The grass is always greener on the other side on the fence. This was especially true of Cochabamba, in relation to our neighbouring city in the lowlands: Santa Cruz. Santa Cruz literally did have grass that was greener, because our grass was dust. It was also factually accurate and scientifically proven that: 1) the girls were prettier in Santa Cruz, 2) the food tasted better, 3) everyone had more money, 4) it was always warm and humid so shirts were optional. For these reasons & more, we always envied our neighbours in Santa Cruz, and took any opportunity we could to go there. I’d have gone to a bowel decompaction convention if it meant seeing Santa Cruz for a while. So when the opportunity came to head there on a school Mission Trip in 1996, we all jumped at the chance. We were supposed to raise a bunch of money to pay for the trip, with car washes and the like, but it’s good to have a backup plan. Be prepared, as the cookie girls used to say. My backup plan as always: Mum & Dad’s stagnant bank account.
After travelling 87 hours by bus, a trip which included seeing some old lady get busted by a drugs patrol at a checkpoint and a driver-swap (when a second 4’3″ driver emerged from the baggage compartment below) we arrived in Santa Cruz and at our luxurious accommodation: dirt floors in some kind of shed and comfortable, slightly warm, spider nests. One night Abi awoke screaming to find an ant gnawing through her inner ear. It was probably just trying to escape from the Tarantula that had filled her nasal cavity with eggs. Regular listeners might be forgiven for thinking portions of this blog are full of exaggeration and hyperbole (on rare occasions) but this next part is completely true. On the subject of spiders, Sam & I left the worksite one morning to go for a walk and saw the most incredible thing: a spiders’ web running along the road, reaching from the top of the hedge all the way to the electric wires above it, bordered on either side by the electric poles, for hundreds of metres along the old dirt track. Seriously, this thing was enormous, and dotted with millions of spiders. I think they banded together in the hope of catching a wayward Condor. Or a G6. My only regret is that I have no way to prove it, since this was in the days before camera phones, and kids still spoke to each other using their mouths.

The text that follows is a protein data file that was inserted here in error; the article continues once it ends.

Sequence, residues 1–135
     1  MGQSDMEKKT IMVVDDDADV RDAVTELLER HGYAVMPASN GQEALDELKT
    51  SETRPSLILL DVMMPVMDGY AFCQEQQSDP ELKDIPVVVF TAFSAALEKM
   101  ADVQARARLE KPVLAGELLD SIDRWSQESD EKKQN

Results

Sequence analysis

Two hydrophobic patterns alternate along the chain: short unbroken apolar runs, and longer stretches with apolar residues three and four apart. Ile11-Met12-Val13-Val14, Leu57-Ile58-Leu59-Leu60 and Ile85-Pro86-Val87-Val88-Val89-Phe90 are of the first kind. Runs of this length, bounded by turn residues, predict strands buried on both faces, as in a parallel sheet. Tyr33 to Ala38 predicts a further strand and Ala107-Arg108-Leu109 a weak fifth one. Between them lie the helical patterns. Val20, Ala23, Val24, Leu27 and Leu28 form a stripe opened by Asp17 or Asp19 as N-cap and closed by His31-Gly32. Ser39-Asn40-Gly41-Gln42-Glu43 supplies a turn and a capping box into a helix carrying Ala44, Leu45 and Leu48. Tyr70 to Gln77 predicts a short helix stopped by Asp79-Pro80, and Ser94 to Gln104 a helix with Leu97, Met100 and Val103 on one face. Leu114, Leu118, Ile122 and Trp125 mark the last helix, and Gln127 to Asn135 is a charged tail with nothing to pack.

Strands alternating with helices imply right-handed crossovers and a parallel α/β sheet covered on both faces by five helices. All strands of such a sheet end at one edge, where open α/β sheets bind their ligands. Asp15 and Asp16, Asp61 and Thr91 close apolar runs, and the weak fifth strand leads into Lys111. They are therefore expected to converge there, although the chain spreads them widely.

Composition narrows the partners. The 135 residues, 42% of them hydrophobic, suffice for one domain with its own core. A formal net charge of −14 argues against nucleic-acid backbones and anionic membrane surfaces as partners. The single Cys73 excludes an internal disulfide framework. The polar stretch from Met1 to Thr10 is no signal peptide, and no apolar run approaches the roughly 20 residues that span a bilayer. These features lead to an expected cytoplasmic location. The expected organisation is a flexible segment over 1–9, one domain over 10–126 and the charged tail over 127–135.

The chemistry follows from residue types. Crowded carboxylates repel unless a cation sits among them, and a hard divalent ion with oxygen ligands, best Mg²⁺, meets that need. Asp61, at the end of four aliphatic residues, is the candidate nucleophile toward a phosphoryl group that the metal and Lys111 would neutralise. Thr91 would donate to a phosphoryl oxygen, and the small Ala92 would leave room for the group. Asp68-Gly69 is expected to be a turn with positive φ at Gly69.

Our aim on the trip was to build foundations for some kind of youth camp that was getting built 12Kms outside Santa Cruz. This meant digging and hauling huge rocks and cement bags around all day, which was fine, except my nose absolutely hated it. My nose ran so bad they hooked a hose up to it to make the cement. I’ve since discovered I’m allergic to dust, and not in fact, manual labour, which grieves me greatly. My history teacher, Miss King, who I was always mildly suspicious of, gave me something called an “antihistamine” which should probably be illegal. This particular one had been designed for elephants, since my nose dried up for the next 3 years. I could have joined the Rolling Stones. I was once again free to sweat all day in the 104% Santa Cruz humidity, back to working hard. More importantly, It also meant we could get back to competing with Luis over how many cement bags we could cart back and forth. They were 50kg bags, and I had a spine like a sea horse by the time we were done. If Luis had an Achilles’ heel, it was his competitive nature. One morning, Jeremy and I were kicking the soccer ball up against one of the brick walls, hopelessly trying to get as many bounces as we could without it touching the ground. It was like watching 2 Dugongs trying to play badminton. “What’s your record?” enquired Luis, rolling up his sleeves in readiness. “47,” I lied in response, keeping our actual record of 1 and ¾ to myself. True to form, Luis then spent the rest of morning trying to beat an imaginary record. Kinda cruel, looking back, but it laid the foundation for his burgeoning soccer career, which in turn certainly improved his chances with the ladies.
On the final night of the trip, we gathered around in a circle on the ground where we usually ate breakfast, and conducted a team bonding session. This, we had been told, would consist of throwing toilet paper at each other. Having misinterpreted the instructions earlier in the week, I’d been saving mine on a daily basis, but my stash was subsequently burnt after it induced vomiting amongst the females, and a fresh roll was supplied. No matter. Whomever started held the loose end of the roll and threw the roll at someone they had gotten to know better over the course of week. That person would then toss it onwards etc etc until we had an unfurled star-like web of paper binding us together in a circle. We were forever bound by the unwavering strength of Bolivian toilet paper, which at times has been used to winch all-terrain vehicles out of swollen rivers, or to scrape graffiti off walls. A worthwhile team-building exercise all up, and certainly less painful than the giant flaming Anaconda back tattoos I’d suggested.
18 students and 5 teachers went to Santa Cruz on that trip. I have no recollection of how many made it back. All in all, we completed 5 cabin foundations, saw a lot of bugs, stared in awe at the world’s largest communal spiderweb, and enjoyed some tropical weather before we returned home triumphant, still covered in toilet paper.